Essential amino acid requirements

Stuart Dunn dunns99 at erols.com
Thu Dec 16 05:28:13 EST 1999


pathos wrote:
> 
> In article <3857DA76.4BC7 at erols.com>, Stuart Dunn <dunns99 at erols.com> wrote:
> 
> > pathos wrote:
> > >
> > > In article <3856CAB0.7F70 at erols.com>, Stuart Dunn <dunns99 at erols.com> wrote:
> > >
> > > > So why do Eskimo women, who ate an average of 350 grams of animal
> > > > protein a day, had ate fish livers, refrained from using alcohol or
> > > > caffeine, got plenty of excercise, and got over 2000mg a day from bone
> > > > meal have the highest rates of osteoperosis in the world?
> > >
> > > HOLY SHIT, where to start????????
> > > 1. Eskimo women are exposed to far faR fAR FAR less sunlight then others.
> > That doesn't matter. Eskimos eat fish livers, which are the main
> > commercial source of vitamin D3. In effect, they were using dietary
> > supplements that included vitamin D and omega 3.
> 
> When you use the term D3 are you refering to: previtamin D3, 1,25-OH-D3,
> 25-(OH)-D3, 24,25-(OH)-D3.  The potent form of vitamin D3 is 1,25-(OH)2-D3
> and it has a halflife of about 0.25 days.  That means that it must be
> replinished daily.  This also means that (I assume that the eskimos do not
> fish in the middle of winter, the 1,25-(OH)2-D3 in the previously caught
> fish will have degraded.  The vitamin D3 that is normally found in the
> liver is 25-(OH)-D3 is a precurssor molecule and it is converted to
> 1,25-(OH)2-D3 which is the real calcium regulator.
> 
> I will repeat:  GET A PHYSIOLOGY BOOK.
> >
> > > If you would have taken my suggestion and get a PHYSIOLOGY BOOK you would
> > > have known why this is important.  I will give you a hint: "vitamin D
> > > conversion in the skin".
> > > 2. Eskimos are a very isolated population.  The fact that they do not mix
> > > there DNA much with others (and has been this way for 1000s of years), it
> > > is safe to say that if they have genetic abnormalities, it will show up in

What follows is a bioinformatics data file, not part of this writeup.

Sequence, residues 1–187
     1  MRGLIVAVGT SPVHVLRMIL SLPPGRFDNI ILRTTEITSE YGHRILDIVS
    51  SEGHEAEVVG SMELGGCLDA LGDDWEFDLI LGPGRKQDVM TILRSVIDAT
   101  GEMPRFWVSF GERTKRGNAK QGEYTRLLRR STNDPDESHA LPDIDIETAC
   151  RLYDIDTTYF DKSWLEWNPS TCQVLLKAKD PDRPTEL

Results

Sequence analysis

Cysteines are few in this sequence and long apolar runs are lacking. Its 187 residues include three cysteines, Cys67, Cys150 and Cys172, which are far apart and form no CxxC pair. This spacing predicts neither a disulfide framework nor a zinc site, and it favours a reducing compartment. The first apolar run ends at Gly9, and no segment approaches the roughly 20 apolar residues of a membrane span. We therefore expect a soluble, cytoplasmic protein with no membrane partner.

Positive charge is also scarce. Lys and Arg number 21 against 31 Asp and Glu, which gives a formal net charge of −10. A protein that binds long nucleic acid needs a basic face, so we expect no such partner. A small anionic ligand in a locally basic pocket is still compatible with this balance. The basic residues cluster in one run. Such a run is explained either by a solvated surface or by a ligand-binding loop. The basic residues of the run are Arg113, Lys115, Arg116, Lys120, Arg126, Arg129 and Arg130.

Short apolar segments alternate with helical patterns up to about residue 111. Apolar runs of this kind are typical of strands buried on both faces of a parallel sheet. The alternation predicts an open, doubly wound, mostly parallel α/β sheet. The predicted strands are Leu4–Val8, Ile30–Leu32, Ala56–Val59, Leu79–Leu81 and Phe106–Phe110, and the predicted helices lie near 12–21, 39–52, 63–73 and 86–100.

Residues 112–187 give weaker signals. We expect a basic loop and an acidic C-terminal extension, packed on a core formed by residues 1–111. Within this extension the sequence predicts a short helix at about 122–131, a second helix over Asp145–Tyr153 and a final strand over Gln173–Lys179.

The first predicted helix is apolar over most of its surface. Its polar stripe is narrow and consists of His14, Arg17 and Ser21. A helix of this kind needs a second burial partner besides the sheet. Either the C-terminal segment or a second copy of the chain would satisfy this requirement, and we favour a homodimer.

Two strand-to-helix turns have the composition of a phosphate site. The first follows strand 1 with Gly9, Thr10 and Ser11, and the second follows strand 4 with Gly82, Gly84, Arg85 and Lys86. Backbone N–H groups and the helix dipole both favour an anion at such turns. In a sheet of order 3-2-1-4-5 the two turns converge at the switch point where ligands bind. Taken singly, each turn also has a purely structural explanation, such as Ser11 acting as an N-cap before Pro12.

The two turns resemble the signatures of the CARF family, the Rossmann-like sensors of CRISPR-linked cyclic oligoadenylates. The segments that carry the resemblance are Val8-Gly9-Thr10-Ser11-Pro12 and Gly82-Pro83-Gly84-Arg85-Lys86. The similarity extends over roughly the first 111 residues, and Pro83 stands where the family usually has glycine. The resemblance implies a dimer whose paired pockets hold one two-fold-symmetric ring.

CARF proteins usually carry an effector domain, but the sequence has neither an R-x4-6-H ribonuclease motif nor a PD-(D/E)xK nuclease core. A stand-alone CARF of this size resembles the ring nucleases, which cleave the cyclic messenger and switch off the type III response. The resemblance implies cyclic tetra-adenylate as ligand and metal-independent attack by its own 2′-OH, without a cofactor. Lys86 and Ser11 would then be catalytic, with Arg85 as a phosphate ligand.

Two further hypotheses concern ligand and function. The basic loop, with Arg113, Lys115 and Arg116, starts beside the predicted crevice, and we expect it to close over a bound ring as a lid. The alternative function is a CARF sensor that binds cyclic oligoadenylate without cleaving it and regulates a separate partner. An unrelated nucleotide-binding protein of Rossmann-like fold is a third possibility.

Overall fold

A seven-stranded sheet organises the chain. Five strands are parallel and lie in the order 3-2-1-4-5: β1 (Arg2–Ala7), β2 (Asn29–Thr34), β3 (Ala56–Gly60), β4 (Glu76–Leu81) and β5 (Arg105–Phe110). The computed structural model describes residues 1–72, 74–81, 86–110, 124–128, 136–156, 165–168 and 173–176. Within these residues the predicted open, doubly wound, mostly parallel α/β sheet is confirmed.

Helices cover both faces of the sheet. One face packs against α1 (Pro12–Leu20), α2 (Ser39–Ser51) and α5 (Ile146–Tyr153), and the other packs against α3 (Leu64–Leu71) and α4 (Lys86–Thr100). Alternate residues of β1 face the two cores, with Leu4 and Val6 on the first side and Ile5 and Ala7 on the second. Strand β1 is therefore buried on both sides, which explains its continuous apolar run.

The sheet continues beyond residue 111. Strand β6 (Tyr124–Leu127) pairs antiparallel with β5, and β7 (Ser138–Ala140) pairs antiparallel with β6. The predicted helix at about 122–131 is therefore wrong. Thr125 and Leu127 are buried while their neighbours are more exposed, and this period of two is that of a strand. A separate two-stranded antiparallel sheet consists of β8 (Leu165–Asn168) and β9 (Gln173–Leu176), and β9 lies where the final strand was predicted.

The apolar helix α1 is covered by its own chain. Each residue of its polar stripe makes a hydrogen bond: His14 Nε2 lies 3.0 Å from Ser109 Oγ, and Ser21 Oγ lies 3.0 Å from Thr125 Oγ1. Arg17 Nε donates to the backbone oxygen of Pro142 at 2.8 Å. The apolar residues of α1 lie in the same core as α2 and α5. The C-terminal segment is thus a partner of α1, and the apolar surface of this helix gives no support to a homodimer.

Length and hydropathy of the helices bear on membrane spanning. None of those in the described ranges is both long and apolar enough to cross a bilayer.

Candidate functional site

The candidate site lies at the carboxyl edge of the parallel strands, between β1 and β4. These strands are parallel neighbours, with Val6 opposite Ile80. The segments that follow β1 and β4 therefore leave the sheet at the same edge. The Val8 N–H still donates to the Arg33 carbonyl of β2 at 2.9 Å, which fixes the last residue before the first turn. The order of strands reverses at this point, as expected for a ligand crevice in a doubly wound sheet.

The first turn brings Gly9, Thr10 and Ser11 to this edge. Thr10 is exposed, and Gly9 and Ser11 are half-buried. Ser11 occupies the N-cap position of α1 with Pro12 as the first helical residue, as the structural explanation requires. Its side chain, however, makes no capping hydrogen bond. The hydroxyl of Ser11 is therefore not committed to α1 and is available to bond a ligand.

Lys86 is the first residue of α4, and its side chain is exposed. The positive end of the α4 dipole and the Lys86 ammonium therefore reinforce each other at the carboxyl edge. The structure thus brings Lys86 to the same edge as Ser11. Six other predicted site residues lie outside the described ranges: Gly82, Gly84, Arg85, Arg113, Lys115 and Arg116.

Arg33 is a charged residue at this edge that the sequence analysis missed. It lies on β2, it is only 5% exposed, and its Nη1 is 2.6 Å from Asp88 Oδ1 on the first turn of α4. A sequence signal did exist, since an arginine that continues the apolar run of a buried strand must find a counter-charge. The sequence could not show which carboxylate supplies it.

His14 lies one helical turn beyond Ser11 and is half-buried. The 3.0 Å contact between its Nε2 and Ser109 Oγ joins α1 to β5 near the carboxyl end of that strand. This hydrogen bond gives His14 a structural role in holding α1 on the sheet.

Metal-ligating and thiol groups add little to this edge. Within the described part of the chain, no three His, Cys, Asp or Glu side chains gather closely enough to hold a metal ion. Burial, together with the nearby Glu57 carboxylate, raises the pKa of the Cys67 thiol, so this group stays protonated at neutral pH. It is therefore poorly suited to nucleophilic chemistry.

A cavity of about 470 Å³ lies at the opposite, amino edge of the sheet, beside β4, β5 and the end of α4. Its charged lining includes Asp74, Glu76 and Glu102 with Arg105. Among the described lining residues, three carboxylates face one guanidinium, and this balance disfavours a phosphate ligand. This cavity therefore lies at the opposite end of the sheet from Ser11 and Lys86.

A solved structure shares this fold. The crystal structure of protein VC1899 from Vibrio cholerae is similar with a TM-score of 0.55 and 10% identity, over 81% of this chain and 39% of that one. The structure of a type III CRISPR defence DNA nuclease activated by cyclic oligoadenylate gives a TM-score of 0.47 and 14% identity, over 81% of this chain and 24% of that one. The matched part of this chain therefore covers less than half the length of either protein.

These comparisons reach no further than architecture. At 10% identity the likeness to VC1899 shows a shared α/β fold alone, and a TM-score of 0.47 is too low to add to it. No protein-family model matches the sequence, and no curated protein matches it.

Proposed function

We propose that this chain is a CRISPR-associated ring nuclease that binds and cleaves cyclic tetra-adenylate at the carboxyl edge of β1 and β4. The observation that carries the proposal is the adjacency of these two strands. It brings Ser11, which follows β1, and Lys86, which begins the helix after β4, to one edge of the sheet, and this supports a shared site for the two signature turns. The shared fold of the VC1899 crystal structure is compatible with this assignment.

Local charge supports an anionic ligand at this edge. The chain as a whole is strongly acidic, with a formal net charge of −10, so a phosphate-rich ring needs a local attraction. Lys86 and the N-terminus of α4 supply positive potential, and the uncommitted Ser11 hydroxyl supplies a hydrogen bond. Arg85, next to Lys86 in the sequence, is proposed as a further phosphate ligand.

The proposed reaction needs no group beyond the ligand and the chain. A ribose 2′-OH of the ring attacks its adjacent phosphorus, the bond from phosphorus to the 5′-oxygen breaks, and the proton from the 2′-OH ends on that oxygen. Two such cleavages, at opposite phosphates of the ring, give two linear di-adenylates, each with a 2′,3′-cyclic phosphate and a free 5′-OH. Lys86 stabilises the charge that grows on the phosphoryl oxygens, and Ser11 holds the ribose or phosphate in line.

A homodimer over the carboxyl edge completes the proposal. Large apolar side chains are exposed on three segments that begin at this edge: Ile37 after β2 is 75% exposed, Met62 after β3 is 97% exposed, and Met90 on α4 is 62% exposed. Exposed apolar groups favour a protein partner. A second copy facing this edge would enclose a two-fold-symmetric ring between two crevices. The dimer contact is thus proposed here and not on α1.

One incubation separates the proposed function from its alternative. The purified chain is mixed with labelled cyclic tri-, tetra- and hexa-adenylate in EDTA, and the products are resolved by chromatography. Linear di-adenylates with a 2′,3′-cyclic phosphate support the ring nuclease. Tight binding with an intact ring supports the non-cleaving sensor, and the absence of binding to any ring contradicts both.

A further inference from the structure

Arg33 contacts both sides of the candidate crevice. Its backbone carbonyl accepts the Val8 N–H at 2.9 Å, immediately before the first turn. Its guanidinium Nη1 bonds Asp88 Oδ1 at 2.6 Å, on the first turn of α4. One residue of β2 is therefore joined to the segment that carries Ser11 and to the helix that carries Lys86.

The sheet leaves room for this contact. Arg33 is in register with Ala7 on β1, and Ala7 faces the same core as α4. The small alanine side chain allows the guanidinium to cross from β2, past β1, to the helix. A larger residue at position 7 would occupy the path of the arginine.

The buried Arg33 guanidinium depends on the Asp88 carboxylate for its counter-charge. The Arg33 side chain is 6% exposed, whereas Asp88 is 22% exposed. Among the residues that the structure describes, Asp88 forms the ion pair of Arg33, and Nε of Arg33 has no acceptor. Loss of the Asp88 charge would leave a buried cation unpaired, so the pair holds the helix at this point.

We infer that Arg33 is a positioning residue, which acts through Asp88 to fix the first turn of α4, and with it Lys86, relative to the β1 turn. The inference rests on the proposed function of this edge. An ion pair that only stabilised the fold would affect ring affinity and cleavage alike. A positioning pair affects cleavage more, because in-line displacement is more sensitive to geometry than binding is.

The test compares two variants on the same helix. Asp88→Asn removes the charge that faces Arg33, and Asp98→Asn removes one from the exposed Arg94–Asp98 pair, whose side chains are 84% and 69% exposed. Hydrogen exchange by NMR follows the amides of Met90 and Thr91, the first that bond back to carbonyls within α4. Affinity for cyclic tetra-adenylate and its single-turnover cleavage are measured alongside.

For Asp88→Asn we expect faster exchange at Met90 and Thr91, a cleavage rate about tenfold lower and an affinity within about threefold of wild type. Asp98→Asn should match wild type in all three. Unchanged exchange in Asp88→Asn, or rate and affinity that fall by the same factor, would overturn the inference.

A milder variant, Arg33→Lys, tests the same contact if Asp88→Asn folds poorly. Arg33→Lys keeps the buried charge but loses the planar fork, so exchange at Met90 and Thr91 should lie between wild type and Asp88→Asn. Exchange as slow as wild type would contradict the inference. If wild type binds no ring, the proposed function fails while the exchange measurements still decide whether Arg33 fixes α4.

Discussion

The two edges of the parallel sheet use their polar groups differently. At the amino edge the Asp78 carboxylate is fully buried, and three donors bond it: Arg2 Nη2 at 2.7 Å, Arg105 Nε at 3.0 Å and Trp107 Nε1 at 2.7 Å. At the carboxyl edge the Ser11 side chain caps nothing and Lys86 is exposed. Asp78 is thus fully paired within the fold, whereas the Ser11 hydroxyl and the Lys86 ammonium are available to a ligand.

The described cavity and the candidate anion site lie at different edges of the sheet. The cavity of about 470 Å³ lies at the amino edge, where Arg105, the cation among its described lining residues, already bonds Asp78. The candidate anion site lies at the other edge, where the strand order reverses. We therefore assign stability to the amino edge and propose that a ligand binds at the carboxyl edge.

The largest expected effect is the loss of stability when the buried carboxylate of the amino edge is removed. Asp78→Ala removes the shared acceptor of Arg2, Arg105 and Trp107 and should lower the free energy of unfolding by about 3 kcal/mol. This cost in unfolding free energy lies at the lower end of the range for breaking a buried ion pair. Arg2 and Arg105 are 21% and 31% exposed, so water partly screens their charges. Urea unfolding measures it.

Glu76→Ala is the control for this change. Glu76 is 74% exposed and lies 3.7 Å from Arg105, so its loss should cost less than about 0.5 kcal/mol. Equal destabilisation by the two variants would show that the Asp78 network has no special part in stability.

> > Let's use a little common sense here. Eskimos must have evolved to adapt
> > to their diet. You're suggeting just the opposite. How do you think
> > their bodies maintain the pH level of their urine without calcium?
> 
> 1) Eskimos did not evolve.  The genes necessary for survival were
> selected.  The eskimos with the good genes (whatever genes they are)
> survived the eskimos without those genes perished and did not breed to
> pass the bad genes on.
> Think about it this way: Do you think that the giraffe adpted to reach the
> leaves on the top of the tree?  answer NO.  
I did not mean to imply that individual eskimos evolved. All I meant is
that those who couldn't survive and reproduce in a severely cold
environment with a total lack of plant food and a scarcity of animal
food died, and therefore couldn't spread their genes.
The giraffes that were born
> with mutations to the develomental genes that allowed for some to have
> taller necks were born and without competition for food because they and
> only they could reach the top of the trees, they thrived and were able to
> pass their genes with nutations and all on to the next generation. the
> short neck giraffes died off from starvation.
> 
> 2) Calcium levels have nothing to do with pH of the urine.
They do effect the pH level of urine. The breakdown of protein produces
acids which are then excreted through the urine. Since the pH level of
urine must be maintained, the body excretes more calcium in the urine.
Cysteine and Methionine are the amino acids that increase calcium loss
when consumed to excess, and most people get lots of these two amino
acids from nonvegan foods. I did find some interesting information on
protein, and I'll post it sometime today.
> 
> Peter Pediaditakis




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